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though many of the proceedings of this injudicious prince deserve justly the sharpest censure, yet it is both rash and unjust to accuse him of a design to introduce Popery into England. It is not to be believed, that a prince, who aspired after arbitrary power and uncontrolled dominion, could ever have entertained a thought of submitting to the yoke of the Roman pontiff.* The truth of the matter seems to be this, that toward the latter end of his reign, James began to have less aversion to the doctrines and rites of the Romisb church, and permitted certain religious observances, that were conformable to the spirit of that church, to be used in England. This conduct was founded upon a manner of reasoning, which he had learned from several bishops of bis time, viz. that the primitive church is the model which all Christian churches ought to imitate in doctrine and worship ; that, in proportion as any church approaches to this primitive standard of truth and purity, it must become proportionably pure and persect; and that the Romish church retained more of the spiril and manner of the primitive church than the Puritan or Calvinist churches. It of these three propositions, the two first are undoubtedly true, and the last is as evidently and demonstrably false. Beside, this makes nothing to the argument; for as James bad a manifest aversion to the Puritans, it could, in his eyes, he no very great recommendation of the Romish church, that it surpassed that of the Puritans in doctrine and discipline.

IP i Dr. Mosheim has annexed the following note to this passage ; " Perhaps the king entered into these ecclesiastical proceedings with the more readiness, when he reflected on the civil commotions and tumults that an attachment to the Presbyterian religion had occasioned in Scotland. There are also some circumstances that intimate plainly enough, that James, before his accession to the crown of England, was very far from having an aversion to Popery.” Thus far the note of our author, and whoever looks into the Historical Viero of the Nogotiations between the Courts of England, France, and Brussels, from the year 1592, to 1617, extracted from the MS. State Papers of Sir Thomas Edmondes and Anthony Bacon, Esq. and published in the year 1749, by the learned and judicious Dr. Birch, will be persuaded that, toward the year 1595, this fickle and unsteady prince had really formed a design to embrace the faith of Rome. See, in the curious collection now mentioned, the postscript of a letter from Sir Thomas Edmondes to the lord high treasurer, dated the 20th of December, 1595. We learn also, from the Memoirs of Sir Ralph Winwoad, tbat, in the year 1596, James sent Mr. Ogilby, a Scots baron, into Spain, to assure his Catholic majesty, that he was then ready and resolved to embrace Popery, and to propose an alliance with that king and the pope against the queen of England. See State Tracts, vol. i. p. 1. See also an extract from a letter from Tobie Matthew, D.D. dean of Durham, to the lord treasurer, Burleigh, containing an information of Scotch affairs, in Strype's Annals, vol. iv. p. 201. Above all, see Harris's Historical and Crilical Account of the Life and Writings of James I. p. 29, note (N.) This last writer may be added to Larrey and Rapin, who have exposed the pliability and inconsistency of this self-sufficient monarch.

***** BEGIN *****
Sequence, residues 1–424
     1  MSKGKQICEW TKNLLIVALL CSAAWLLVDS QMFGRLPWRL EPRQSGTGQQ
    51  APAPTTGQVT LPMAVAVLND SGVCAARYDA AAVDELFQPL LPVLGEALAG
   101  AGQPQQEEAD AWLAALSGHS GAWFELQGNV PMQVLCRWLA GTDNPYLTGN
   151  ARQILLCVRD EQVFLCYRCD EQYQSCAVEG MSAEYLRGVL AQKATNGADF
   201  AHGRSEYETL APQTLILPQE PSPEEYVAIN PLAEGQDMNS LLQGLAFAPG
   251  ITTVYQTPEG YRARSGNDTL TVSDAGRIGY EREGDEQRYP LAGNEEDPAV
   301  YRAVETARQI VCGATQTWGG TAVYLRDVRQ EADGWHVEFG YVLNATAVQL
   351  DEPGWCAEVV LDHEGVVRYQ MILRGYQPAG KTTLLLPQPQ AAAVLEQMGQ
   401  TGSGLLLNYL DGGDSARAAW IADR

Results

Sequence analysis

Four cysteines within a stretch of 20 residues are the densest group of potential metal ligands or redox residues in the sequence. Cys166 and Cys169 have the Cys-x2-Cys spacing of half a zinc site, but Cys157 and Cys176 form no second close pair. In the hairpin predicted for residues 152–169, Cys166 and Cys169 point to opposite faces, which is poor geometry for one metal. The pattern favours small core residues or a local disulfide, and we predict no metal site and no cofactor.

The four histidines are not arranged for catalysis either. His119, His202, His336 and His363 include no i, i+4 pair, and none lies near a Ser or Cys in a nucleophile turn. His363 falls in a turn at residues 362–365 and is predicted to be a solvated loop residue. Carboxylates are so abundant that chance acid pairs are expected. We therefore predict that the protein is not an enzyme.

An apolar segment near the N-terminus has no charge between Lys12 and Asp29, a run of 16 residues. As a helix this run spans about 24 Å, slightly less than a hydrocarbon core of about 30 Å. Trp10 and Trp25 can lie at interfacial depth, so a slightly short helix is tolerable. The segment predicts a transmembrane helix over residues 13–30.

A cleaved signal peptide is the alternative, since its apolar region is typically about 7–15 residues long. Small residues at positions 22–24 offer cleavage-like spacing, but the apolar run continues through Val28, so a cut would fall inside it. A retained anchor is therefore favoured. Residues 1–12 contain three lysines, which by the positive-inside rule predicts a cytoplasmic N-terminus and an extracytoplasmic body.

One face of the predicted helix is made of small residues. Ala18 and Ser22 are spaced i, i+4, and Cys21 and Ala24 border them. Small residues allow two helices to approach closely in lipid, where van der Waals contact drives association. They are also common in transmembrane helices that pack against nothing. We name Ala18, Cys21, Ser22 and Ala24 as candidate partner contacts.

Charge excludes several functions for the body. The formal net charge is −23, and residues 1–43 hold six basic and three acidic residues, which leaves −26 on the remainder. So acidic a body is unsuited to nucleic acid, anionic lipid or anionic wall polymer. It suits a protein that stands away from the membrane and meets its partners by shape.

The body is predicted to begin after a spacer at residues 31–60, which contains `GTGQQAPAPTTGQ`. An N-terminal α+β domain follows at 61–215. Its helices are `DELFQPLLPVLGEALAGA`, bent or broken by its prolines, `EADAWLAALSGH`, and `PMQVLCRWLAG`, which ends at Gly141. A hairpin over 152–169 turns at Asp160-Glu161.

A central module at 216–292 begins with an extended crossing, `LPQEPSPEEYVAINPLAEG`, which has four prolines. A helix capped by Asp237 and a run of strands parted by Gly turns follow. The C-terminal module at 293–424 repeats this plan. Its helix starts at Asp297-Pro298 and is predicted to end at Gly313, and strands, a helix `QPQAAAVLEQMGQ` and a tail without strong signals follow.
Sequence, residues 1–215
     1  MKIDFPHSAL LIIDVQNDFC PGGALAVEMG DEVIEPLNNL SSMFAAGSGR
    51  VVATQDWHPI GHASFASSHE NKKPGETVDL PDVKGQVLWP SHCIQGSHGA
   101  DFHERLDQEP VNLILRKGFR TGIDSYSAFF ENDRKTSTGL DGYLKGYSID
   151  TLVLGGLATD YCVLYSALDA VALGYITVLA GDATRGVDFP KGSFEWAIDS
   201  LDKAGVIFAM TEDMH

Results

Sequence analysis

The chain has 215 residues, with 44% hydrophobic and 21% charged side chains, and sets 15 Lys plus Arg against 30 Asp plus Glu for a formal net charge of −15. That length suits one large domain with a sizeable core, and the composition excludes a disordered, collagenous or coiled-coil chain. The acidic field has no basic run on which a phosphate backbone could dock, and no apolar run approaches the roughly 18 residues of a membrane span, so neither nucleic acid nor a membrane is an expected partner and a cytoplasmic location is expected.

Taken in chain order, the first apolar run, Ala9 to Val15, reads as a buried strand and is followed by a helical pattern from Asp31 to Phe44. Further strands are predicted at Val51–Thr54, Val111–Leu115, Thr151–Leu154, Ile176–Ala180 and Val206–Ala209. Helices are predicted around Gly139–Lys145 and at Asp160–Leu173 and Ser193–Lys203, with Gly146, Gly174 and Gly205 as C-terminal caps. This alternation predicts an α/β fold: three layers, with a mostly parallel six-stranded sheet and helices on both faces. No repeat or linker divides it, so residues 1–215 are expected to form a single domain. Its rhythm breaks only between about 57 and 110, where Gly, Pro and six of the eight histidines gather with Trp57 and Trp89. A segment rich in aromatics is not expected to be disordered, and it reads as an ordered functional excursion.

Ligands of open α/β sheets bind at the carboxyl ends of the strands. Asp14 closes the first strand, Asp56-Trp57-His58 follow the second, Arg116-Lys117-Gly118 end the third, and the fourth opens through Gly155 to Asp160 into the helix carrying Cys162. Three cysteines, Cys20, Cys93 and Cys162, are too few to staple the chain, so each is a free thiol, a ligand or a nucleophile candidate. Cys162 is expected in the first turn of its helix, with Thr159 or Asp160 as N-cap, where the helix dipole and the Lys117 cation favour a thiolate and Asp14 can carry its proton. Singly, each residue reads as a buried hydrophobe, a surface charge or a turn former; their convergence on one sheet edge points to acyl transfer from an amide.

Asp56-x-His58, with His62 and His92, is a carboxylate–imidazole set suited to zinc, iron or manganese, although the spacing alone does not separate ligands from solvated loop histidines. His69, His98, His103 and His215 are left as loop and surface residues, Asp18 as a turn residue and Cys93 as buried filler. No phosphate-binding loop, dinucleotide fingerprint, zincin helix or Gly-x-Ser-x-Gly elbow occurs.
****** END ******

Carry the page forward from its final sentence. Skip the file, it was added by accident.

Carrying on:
* This remark is confuted by fact, observation, and the perpetnal contradictions that are observahle in the condnct of men ; beside, see the note i.

ritans were left without defence, and exposed anew to the animosity and hatred of their adversaries, which had been, for some time, suspended; but now broke out with redoubled vehemence, and at length kindled a religious war, whose consequences were deplorable beyond expression. In the year 1625, died James 1. the bitterest enemy of the doctrine and discipline of the puritans, to which he had been in his youth most warmly attached; the most inflexible and ardent patron of the Arminians, in whose ruin and condemnation in Holland he had been singularly instrumental ; and the most zealous defender of episcopal government, against which he had more than once expressed himself in the strongest terms. He left the constitution of England, both ecclesiastical and civil, in a very unsettled and fluctuating state, languishing under intestine disorders of various kinds.